Mercedes45mpgIn the job I often drive artists back from concerts at night and the comfort and ease of the cars makes a huge difference as these special people start to unwind after the stress of performance.

And then there is the incredible detail and back to where we started. To quote Mercedes-Benz – “Applying a loving attention to detail, our engineers pull off the feat time and time again of developing new Mercedes-Benz models embodying the brand’s hallmarks of fascination, perfection and responsibility” – for me this is just the same with a world-class orchestra playing Prokofiev or Beethoven.

MercedesAnalgueClockThere is the obvious detailing like a beautiful analogue clock set within a contemporary dashboard or the fabulous seats or the intuitive Sat Nav or the overall driving experience but it goes beyond that; I have become particularly fascinated by the way that new technology, which monitors how efficiently you drive, helps you achieve excellent mpg whilst also keeping up high average mph – the perfect combination. As it requires you to drive very smoothly, it is also great for passengers.







I might have to drive between 60 and 260 miles after a concert at night so the computer system that monitors ones driving and warns you when you are getting tired, though really spooky sometimes, is a great reassurance and aid to safe driving.

So, huge thanks to Sandown Mercedes-Benz Group for enabling me to apply my love of cars and driving to the fascinating life of running a great Symphony Orchestra, and for enabling me to show that the Mercedes-Benz mantra of ‘the best or nothing’ is equally applicable to the amazing musicians of the BSO, bringing great music and cultural engagement to 10,000 square miles of the South and South West.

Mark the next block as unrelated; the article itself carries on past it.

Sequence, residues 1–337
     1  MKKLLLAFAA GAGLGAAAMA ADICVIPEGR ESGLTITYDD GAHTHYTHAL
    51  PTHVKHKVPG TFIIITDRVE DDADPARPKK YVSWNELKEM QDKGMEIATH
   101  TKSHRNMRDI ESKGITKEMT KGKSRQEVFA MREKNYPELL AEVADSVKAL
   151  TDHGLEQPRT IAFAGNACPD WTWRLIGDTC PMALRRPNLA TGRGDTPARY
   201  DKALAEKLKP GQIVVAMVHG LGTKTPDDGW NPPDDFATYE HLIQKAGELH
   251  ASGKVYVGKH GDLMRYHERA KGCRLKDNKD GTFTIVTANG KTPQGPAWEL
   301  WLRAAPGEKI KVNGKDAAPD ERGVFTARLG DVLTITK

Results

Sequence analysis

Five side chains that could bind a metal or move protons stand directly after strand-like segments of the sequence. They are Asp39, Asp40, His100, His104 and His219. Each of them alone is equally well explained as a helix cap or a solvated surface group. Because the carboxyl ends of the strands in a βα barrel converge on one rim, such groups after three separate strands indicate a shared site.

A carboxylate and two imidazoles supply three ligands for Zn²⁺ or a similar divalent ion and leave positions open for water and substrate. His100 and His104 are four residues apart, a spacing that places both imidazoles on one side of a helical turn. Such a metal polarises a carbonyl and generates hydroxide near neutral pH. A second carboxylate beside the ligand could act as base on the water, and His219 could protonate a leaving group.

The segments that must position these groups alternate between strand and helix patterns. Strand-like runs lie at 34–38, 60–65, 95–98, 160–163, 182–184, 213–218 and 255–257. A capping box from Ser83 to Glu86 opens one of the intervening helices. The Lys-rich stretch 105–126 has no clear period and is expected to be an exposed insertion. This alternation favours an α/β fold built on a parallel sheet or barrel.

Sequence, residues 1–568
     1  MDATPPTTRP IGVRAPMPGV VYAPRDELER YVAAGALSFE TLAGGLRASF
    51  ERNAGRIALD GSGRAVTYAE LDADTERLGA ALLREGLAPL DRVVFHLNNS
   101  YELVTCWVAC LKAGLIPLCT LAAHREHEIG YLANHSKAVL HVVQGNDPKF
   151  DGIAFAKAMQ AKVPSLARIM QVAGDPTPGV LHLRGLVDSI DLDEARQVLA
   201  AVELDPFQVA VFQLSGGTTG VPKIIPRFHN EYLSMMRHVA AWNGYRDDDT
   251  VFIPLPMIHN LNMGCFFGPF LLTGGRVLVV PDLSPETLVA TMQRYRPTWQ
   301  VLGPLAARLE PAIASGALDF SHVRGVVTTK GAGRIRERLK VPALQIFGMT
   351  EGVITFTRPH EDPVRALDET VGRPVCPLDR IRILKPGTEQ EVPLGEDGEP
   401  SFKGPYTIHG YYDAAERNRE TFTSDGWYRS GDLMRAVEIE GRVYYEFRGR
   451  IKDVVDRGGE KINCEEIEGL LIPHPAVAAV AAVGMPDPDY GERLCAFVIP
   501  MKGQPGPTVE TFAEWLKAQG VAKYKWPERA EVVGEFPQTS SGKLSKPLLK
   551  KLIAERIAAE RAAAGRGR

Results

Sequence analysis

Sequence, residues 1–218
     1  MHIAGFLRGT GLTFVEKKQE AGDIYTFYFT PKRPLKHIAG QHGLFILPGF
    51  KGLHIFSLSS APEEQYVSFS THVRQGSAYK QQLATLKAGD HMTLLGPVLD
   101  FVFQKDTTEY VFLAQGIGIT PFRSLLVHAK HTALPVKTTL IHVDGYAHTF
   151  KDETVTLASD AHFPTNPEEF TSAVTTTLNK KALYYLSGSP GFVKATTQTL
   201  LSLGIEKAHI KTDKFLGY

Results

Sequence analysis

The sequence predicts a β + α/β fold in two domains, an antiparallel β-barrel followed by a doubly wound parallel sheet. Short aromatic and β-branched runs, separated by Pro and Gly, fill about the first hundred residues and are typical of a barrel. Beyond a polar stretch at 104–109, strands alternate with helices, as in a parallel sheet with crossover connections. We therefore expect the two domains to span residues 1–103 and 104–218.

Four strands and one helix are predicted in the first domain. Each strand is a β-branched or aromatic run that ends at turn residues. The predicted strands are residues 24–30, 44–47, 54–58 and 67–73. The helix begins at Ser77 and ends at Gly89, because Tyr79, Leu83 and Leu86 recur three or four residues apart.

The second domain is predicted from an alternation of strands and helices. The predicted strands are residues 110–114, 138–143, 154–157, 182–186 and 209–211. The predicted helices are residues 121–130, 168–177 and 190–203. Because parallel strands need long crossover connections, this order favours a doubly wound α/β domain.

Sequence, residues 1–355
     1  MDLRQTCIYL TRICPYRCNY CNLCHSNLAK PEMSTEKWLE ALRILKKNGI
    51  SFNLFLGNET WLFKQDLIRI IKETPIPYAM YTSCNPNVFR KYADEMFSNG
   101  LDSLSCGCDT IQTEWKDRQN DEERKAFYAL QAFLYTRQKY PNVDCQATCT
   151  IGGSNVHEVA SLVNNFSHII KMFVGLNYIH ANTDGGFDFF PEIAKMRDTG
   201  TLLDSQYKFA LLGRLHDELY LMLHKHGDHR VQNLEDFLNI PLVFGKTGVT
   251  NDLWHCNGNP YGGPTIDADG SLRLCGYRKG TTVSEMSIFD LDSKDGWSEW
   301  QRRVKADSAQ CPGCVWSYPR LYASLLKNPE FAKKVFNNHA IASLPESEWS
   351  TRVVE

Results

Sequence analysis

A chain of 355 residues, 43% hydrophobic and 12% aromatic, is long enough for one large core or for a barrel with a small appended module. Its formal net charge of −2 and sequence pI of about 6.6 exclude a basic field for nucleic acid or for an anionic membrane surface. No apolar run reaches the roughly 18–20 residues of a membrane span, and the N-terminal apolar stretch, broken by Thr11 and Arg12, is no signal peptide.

Dougie Scarfe
BSO Chief Executive



Bournemouth Symphony Orchestra – Extraordinary Reach

I can’t be the only one that views paperwork and form filling with that a sense of life-slipping-away inevitability. Still, it is part of life and although it can feel like you are counting the number of paperclips recycled in a fiscal period, at other times it can be rewarding as you have a chance to tell a story, one of which you can be really proud.

One such story is contained in our ‘Schedule of Activity’, a paper we produce each year that lists the scheduled work for the Orchestra, and what a narrative it tells:

  • 150+ performances in 40 cities, towns and villages
  • Amazing flexibility of delivery from four or five piece ensembles to an orchestra of over 100 musicians
  • 70% of performances given away from our home venue
  • 100% of work devised and created in our home venue @LighthousePoole
  • Over a third of work devised to help build new audiences
  • From the UK premiere of a CPE Bach Passion to Burt Bacharach, from an acclaimed Prokofiev Symphony Cycle to Pirates Ahoy, from work for the under 5s and work with 18 music hubs to a pioneering orchestra for people with the early stages of Dementia, a creative musical energy that is unique in our region.

Dougie Scarfe – Chief Executive

All of this delivered over a home territory of 10,000 sq miles, and as we know, the transport infrastructure in the South West is… well just look at Dawlish.

There is much debate at the moment around funding, in particular the tensions between the Capital and regions. Those of us who have been in the profession a long time will remember the ‘Glory of the Garden’ and the Wilding reports from the 80’s and know that this is a perennial debate, yet to be resolved.

Time will tell what comes from the latest look at this but what I have found in my twenty one months at the BSO is an organisation that proudly defines what it means to be a world-class orchestra serving a remarkable (and fabulously beautiful) region with fantastic audiences and fiercely loyal supporters.

So maybe paperwork has its good moments after all. Next time Bach, Mercedes and the A35.

Dougie Scarfe
BSO Chief Executive